Turnout was so good that latecomers Mike Weekes and myself were forced to set up an overflow table. Once Mike had finished his brunch and Jill Flower had joined us, conversation turned to her recently purchased Soviet-made Lubitel 166B twin-lens reflex camera.

© From Russia with love! - photographs by Lester Hicks

She had recently bought this on an impulse at High Street Radios in Croydon, bundled with a Cobra flash unit. This is a 2¼’ square format camera using 120 roll film, and it has the collector’s cachet “Made in USSR” on the lens mounting. She has tried out two rolls of film, and as can be seen from the attached images the results are promising.

© Jill Flower - images of the Suffolk coast and local windmill

After Peter Tucker had joined the table conversation turned to some of Jill’s work in her second year at Brighton University. Her tutors had been pleased with her first cut of an experimental short video narrative using the B-17 bomber crash site on Reigate Hill. She was now thinking of polishing that into a more finished form, and looking for other historic or atmospheric sites in south-east on which to base a portfolio of similar video diaries, maybe starting with Dungeness.

Looking back – 1

Peter Flower

In recent newsletters I have commented on the renewed interest in photography with film and instant cameras, in parallel with increasing sales of vinyl records. A recent survey of 2000 adults by British Airways revealed nostalgia for other technologies that are being missed. Of the list of 25 favourites, which ranged from making music tape compilations, buying CDs, carrying portable CD players, ringing the speaking clock (!) and playing traditional board games, photography featured several times. These were, No. 2 – putting photos into albums, No. 5 – the excitement of having photos developed before you can see them, and No. 15 – buying disposable cameras.

Looking back - 2

Peter Flower

At the Saturday Natter John Fisher mentioned that a friend of his had found an old trade paper when removing a partition wall in his house. This was 'VU', published bi-monthly by the Photographic Dealers' Association. This was Issue No. 5 from January 1969, priced at 6d (sixpence in old money!) Unfortunately many pages were missing, but those which John handed over provided fascinating reading. Noticeable on the front page were adverts for the Praktica Nova 1/1B (prices between £49-19-9 and £68-19-6 depending upon lens) from sole distributors J J Silber Ltd, London EC1, and the Yashica Minister 3 (priced at £34-8-11, plus ever-ready case at £4-1-6)) from Valentine & Carr Ltd (a Photax Company), London W1.

Coincidentally, I have a Yashica Minister 1 camera that John Packham gave me many years ago. I photographed this with the advertisement of the later model in the paper. These cameras were one of many that incorporated light metering in-camera at that time. However, it will be noted that the metering system has been moved from the panel above the lens to one which surrounds it. The light meter did not directly control the aperture/shutter. The reading on the top- plate had to be manually set on the lens. However, unlike today's metering systems there was the benefit that it was driven by a selenium cell, not requiring any batteries that ran out, or corroded internal connectors if accidentally left in-camera for a long time!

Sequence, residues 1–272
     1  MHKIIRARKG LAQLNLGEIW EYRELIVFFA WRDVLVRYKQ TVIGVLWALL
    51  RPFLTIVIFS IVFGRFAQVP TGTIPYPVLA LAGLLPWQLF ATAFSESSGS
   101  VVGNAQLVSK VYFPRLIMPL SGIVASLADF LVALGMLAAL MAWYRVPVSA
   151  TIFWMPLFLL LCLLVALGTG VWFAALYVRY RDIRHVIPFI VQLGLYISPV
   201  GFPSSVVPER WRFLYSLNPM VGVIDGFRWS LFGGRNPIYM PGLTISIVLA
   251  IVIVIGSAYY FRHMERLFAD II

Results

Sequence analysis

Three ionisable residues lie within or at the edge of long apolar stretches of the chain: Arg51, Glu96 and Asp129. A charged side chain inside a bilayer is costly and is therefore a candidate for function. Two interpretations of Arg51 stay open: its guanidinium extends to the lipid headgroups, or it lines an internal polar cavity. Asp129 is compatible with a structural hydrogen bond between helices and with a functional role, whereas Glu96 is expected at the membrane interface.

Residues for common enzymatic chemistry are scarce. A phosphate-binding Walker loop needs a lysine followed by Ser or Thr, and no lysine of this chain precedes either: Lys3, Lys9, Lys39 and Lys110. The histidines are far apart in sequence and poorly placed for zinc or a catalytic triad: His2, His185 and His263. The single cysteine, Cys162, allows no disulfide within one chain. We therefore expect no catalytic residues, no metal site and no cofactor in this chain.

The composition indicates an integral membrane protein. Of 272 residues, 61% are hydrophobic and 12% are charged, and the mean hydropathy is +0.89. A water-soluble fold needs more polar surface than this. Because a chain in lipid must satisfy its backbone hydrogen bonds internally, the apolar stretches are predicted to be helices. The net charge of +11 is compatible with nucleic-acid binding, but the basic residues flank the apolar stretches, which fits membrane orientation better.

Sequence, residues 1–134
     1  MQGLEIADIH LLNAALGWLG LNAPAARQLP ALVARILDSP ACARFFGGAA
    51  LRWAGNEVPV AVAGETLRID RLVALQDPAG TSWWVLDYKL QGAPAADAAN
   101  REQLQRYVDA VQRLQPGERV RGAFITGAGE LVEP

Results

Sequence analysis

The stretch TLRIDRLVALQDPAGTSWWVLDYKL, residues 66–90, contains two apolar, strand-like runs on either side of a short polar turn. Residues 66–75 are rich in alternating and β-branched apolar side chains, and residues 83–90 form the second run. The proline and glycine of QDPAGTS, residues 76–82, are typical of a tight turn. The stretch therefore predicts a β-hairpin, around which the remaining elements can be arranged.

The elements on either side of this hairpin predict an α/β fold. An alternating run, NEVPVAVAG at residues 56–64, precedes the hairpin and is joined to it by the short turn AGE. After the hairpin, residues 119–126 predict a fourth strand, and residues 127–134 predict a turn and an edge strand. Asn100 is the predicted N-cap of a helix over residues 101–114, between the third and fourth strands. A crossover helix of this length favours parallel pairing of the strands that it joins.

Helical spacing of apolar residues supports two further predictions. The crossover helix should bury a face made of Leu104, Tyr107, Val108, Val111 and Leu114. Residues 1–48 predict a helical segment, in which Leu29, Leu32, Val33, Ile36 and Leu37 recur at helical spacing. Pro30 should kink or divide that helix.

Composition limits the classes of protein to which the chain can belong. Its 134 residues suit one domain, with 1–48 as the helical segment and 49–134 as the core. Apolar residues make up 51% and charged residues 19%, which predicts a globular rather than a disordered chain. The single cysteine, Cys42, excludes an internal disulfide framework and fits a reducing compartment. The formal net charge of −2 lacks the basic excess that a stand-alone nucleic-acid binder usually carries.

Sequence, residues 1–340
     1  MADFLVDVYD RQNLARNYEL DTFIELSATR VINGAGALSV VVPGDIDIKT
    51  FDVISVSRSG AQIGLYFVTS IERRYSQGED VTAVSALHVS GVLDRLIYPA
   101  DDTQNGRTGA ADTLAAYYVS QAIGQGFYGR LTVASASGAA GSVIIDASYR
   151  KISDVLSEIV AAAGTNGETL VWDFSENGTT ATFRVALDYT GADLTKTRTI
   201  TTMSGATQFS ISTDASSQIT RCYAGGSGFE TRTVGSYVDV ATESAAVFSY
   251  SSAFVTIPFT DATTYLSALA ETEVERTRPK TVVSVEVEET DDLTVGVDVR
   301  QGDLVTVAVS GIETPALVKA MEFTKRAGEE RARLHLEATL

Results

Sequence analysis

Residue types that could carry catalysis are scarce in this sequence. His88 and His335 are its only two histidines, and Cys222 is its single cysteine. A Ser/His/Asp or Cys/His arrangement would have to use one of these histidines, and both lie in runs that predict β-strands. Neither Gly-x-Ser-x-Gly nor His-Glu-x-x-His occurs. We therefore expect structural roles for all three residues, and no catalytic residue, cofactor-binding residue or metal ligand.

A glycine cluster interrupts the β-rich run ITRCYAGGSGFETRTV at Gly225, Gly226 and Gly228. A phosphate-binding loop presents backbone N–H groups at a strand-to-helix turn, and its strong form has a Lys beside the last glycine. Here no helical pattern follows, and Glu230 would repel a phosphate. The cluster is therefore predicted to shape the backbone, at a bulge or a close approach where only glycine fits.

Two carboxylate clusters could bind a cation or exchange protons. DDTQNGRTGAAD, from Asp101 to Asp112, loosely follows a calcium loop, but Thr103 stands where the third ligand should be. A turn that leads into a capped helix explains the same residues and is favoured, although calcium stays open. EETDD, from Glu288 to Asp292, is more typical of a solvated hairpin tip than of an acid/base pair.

© Peter Flower

The first camera to feature automatic exposure was the selenium light meter-equipped, fully automatic Super Kodak Six-20 of 1938, but its extremely high price (for the time) of $225 ($3912 in present terms) kept it from achieving any degree of success. It cost much more than a contemporary Leica (and was about half the price of a new 1938 Ford car) and had a reputation for unreliability. Kodak employees had nicknamed it "the boomerang" for its regular returns for service. It was withdrawn in 1944. Production estimates vary between 714 and 725 being made. The following images show an original advertisement and the camera.

Images from internet source

Olympus E-PL9 camera


On 7 February 2018 announced this latest model in the series, with slight advances on the previous E-PL8 model. The new model features a 16 megapixel CMOS Sensor, an improved 121 point autofocus system, and the same TruePic VIII Image Processor as found in the OM-D E-M1 Mark II. Users can also shoot video in 4K up to 30fps. Also included are the tilt out/down touch screen, in-body image stabilisation, Bluetooth LE with Wi-Fi, HDR mode, and multiple exposure settings. Designed with first time dedicated camera users in mind, the E-PL9 features an Advanced Photo (AP) mode for simple creative control, as well as 16 creative effects including Bleach Bypass. Users can also download the OI.Share app which contains “How To” guides, allowing users to learn how to get the best out of their camera.